The British government has committed $14.6million in public funding for Sir Ben Ainslie's 2017 America's Cup campaign.
The taxpayer backing has been confirmed by Prime Minister David Cameron, who said the British tilt at the Cup will "deliver a real sporting and economic boost to the UK" and is initially anticipated to create 90 jobs.
The development means Team New Zealand is no longer the only America's Cup syndicate reliant on public, as well as private, backing.
Based on an annual official estimate, the British population grew to 64.1m in mid-2013, breaking funding down to around 11.7 pence (22.7 cents) per person.
In comparison, Team New Zealand's $36m in taxpayer funding for the last America's Cup campaign, plus the $5m already granted so far for the next tilt, across an estimated population of 4.4m equates to around $9.30 per person.
The British team, which will be known as Ben Ainslie Racing, has also announced it will be based in Portsmouth - one of the UK's prime shipping, passenger and naval ports.
Cameron has described the taxpayer-backed British bid as "historic" and urged people across England, Scotland, Northern Ireland and Wales to "get behind Sir Ben's campaign."
Ainslie is the most successful sailor in Olympic history with four golds and one silver medal.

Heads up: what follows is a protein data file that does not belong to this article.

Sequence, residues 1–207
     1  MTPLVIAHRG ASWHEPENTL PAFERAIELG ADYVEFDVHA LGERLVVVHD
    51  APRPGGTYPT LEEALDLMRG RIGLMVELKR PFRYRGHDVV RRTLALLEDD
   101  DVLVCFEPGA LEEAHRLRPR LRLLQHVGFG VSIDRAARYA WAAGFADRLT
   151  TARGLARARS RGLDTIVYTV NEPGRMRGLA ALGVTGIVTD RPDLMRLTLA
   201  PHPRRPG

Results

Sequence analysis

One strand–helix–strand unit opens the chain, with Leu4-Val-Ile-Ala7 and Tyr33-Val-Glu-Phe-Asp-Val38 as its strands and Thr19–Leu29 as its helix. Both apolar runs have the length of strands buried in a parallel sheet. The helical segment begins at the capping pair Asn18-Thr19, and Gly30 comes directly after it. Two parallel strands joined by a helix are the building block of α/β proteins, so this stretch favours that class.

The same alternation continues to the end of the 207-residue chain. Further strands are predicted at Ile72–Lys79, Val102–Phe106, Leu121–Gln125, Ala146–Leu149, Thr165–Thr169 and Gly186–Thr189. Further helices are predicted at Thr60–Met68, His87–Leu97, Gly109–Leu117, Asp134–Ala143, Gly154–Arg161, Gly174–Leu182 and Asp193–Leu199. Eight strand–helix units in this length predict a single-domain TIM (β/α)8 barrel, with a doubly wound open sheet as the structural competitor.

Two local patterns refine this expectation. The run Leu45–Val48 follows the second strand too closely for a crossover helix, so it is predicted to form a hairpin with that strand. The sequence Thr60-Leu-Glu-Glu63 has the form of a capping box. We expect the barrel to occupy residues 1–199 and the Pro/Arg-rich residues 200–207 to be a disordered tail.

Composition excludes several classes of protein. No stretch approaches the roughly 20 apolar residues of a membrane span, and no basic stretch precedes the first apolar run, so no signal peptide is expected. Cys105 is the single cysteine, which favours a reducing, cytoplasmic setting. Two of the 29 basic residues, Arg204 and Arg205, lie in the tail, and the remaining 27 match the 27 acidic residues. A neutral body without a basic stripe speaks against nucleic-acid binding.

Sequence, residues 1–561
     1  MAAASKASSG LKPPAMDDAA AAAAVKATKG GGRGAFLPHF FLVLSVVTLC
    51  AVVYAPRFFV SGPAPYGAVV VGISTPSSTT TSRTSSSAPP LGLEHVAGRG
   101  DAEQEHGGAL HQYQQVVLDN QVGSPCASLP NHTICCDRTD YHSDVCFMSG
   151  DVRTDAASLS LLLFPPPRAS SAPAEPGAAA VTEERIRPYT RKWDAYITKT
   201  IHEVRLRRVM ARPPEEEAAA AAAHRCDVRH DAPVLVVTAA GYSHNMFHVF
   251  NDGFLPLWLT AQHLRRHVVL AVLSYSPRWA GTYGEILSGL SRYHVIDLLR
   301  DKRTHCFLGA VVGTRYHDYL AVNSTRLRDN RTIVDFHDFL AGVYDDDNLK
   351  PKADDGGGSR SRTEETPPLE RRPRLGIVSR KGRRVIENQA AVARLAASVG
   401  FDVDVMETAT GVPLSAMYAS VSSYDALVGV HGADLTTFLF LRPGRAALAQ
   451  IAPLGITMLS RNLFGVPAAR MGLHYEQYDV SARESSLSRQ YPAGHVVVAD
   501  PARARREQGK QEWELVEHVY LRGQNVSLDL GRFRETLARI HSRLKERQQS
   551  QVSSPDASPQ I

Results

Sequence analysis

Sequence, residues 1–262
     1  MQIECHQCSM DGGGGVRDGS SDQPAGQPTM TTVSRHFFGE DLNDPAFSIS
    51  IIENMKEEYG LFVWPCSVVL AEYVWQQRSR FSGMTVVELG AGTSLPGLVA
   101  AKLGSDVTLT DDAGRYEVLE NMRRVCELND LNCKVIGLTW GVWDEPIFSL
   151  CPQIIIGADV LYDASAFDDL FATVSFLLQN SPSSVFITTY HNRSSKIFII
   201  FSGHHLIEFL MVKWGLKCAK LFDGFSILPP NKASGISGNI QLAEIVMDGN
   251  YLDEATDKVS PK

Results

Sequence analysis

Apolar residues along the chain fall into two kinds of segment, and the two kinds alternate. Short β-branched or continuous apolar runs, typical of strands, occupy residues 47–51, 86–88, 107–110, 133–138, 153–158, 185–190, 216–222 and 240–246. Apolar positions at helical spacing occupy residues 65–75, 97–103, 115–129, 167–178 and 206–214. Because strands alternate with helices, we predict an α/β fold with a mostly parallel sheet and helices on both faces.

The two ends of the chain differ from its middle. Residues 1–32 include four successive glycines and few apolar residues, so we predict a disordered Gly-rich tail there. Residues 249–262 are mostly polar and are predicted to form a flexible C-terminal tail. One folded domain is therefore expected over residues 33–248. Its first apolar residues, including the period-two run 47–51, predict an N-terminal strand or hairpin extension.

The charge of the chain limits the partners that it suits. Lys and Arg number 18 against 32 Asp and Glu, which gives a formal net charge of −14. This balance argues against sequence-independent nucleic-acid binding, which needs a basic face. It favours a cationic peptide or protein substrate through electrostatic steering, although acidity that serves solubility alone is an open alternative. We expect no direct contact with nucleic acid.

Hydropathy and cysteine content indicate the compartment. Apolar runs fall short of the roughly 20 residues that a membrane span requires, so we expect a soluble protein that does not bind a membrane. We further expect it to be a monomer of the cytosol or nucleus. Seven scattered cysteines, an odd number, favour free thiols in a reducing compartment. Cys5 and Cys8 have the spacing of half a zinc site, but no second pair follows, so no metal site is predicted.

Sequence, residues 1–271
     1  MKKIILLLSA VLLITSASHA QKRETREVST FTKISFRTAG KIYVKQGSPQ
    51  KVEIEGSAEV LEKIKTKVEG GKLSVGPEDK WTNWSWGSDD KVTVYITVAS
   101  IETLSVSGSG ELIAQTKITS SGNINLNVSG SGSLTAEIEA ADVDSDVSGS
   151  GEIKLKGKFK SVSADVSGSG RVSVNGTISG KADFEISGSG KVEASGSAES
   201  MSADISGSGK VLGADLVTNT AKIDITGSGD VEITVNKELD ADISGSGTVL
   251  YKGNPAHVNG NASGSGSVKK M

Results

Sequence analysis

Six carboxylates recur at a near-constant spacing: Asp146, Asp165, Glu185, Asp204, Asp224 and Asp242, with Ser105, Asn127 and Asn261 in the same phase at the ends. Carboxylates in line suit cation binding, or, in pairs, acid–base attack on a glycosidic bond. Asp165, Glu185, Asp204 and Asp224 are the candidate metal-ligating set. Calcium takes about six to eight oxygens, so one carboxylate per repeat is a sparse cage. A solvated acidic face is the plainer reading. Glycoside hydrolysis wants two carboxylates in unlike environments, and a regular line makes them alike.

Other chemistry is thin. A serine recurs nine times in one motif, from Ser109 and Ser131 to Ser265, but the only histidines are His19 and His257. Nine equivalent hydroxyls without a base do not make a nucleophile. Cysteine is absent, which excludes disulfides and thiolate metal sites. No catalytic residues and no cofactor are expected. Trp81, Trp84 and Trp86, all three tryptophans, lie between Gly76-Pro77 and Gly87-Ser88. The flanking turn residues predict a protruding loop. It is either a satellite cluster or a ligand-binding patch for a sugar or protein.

He was also part of Oracle's dramatic America's Cup victory over Team New Zealand last year and widely credited for inspiring one of the greatest turnarounds in the history of world sport.
"Sir Ben Ainslie's project is truly fantastic news for Portsmouth and the Solent [major strait between mainland England and the Isle of Wight]," Cameron said.
"It will not only build on Portsmouth's global reputation as a centre of marine and maritime excellence but will also deliver a real sporting and economic boost to the UK.
"It is a great example of our long-term plan, creating jobs as well as opportunities for young people to develop their skills through apprenticeships.
"This is an exciting and historic challenge and I hope the whole country can get behind Sir Ben's campaign."
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